How To Give Your Sales Team Exactly What They Want
Put your sales team in position to succeed, give them the tools they need, and you’re going to see results. Part of that process is going right to the source and asking your team what they want.
The other part is giving them what they may not realize they want. That comes in the form of leadership, direction, and a willingness to make the tough decisions when the situation calls for it. Combine their input with your leadership, and you’ll be well on your way to giving your sales team exactly what they want. Ahead you’ll find five key elements that lead to successful sales teams.
Quality, Comprehensive Training
Sales teams want to be empowered, and that starts with great training. For new, inexperienced hires, that might mean teaching the basics of how to make a sale. Training shouldn’t stop there, though. It’s also about continually teaching all team members how to operate effectively in the unique, evolving framework you’ve created for your company
- What does your company value? What is its mission? What are your sales principles? Answer these question during training to help team members understand how they fit into the larger organization.
- Teach your team strong listening skills. A compelling pitch is important, but so is adaptability. An employee prepared to answer questions and engage outside of their scripted pitch is well-equipped to close deals.
Product and Service Knowledge
While some types of training may not apply to experienced team members, training based on your products or services should be an ongoing pursuit for everyone. Sales teams should evolve with the companies they represent.
- Confidence comes from a deep knowledge of the product or service you’re selling. Provide your team with the educational resources they need, and show them how the knowledge they acquire will help them professionally.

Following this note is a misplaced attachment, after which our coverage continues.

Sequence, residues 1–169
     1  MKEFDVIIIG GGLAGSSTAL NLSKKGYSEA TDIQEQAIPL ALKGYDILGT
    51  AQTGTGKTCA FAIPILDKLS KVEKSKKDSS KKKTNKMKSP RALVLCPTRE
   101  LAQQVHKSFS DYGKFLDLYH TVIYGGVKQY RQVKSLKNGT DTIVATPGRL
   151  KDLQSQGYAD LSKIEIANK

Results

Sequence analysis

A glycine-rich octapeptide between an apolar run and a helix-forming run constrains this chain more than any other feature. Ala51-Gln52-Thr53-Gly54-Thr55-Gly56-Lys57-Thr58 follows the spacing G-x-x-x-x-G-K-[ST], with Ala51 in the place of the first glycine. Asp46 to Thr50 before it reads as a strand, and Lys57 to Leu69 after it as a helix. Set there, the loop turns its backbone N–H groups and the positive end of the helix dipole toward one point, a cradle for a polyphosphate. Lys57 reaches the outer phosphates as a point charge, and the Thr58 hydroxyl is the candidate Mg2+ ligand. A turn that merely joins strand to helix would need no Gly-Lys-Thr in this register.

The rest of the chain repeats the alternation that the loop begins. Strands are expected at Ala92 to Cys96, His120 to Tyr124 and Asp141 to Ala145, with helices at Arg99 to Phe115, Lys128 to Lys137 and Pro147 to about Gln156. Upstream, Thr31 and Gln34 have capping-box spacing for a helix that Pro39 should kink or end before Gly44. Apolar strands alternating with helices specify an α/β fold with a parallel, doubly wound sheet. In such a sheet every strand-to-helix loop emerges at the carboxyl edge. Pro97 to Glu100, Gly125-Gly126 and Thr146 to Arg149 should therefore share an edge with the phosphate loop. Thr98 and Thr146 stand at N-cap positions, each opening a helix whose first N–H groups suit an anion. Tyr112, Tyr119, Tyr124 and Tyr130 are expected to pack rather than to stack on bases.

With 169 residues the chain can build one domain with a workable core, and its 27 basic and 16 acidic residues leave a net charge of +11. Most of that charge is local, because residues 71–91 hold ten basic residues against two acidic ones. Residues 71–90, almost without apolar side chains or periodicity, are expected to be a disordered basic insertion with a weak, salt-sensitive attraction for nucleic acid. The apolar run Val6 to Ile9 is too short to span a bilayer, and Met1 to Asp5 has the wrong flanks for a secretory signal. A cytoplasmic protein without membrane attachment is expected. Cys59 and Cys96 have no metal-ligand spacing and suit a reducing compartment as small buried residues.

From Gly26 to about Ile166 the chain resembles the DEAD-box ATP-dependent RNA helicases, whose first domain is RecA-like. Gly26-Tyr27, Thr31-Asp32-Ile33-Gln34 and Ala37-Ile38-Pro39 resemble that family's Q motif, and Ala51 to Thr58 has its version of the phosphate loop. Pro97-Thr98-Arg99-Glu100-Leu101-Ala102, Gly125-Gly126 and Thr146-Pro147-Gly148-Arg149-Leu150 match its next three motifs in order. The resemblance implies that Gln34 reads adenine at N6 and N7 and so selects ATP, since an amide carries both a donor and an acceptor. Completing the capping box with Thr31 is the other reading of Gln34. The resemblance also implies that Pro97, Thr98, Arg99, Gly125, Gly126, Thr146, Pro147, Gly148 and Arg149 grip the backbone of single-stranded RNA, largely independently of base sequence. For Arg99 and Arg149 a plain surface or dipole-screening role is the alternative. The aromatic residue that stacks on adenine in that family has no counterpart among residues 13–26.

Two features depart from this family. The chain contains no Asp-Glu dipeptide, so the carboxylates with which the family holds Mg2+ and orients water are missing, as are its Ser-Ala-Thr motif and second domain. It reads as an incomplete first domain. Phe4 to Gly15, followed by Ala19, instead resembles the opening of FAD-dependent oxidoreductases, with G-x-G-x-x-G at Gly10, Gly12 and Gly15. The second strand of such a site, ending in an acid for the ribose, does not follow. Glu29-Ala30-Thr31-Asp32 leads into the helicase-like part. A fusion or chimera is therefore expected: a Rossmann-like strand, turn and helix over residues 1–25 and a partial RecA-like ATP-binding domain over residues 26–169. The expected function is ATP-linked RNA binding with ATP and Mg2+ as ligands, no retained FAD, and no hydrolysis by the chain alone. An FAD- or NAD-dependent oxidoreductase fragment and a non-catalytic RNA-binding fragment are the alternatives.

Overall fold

- Be available, and set a positive example. If a team member has a question, be prepared to answer it in a thorough manner. Show your team that you’ve put in the same legwork that you expect them to do.
Leads with Potential
Anyone who’s tried to sell a product or service in the internet age knows that not all leads are created equal. That’s always been true, but it’s magnified now that lead-factory websites are a dime a dozen. To avoid that frustration and waste of resources, your sales team needs qualified leads.
Sites that sell leads can be valuable, but you’ve got to find the right ones. Do some research, and consult with experienced team members to find out which sites they recommend. Put together a solid list, and add to it when new options become available.
The best leads are going to come from your web presence, so make it strong. Teach your team members to use social media and other digital tools to cultivate relationships with prospects. Let the sales pitch come later, when it’s clear that the prospect is in the right part of the sales cycle.
Finally, make sure your website is easy to use, informative, and actionable. Your sales team will thank you.
In sales, the most useful tools allow for organization and efficiency. Your sales team wants both. Customer relationship management systems allow team members to record, aggregate, and access important customer-related information in real time. Access to the right data at the right time often makes all the difference in closing a sale.
One of the key benefits to CRM is that it works across various platforms. You can take information you learned through a social media chat, and use it when it’s time to make a phone call or face-to-face appointment. CRM provides a centralized place for team members to record and consult information as they build relationships with prospects.
It’s often the little touches that make the biggest difference. Maybe it’s remembering a nickname, family member’s name, or even a shared interest that has little to do with the prospective sale. Prospects want to be treated like people, and CRM makes that possible.
Create a Positive Culture
There will always be a high level of competition in sales teams. Competition is great. It spurs results and pushes everyone involved to focus on continual improvement. Don’t let your team forget, though, that they are a team. Sharing information, skills, and even friendly banter leads to an environment that’s conducive to mutually beneficial success. You want team members to strive for personal excellence, but not at the expense of the team’s goals. Encourage team bonding, and provide a balanced, thoughtful perspective when disagreements arise.
In the end, building a strong sales team is about striking the right balance between guidance and autonomy. Give your team the skills, knowledge, incentives and tools that they want, and they’ll give you the results you need.
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